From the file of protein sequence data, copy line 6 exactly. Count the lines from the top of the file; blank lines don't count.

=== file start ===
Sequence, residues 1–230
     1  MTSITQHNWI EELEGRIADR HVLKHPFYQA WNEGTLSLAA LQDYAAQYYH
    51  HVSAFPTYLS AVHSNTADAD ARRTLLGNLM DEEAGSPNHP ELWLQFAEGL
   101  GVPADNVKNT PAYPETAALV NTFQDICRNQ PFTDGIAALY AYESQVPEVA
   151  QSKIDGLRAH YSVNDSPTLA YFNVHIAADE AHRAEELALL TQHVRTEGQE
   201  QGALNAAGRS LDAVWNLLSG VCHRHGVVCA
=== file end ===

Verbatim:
   201  QGALNAAGRS LDAVWNLLSG VCHRHGVVCA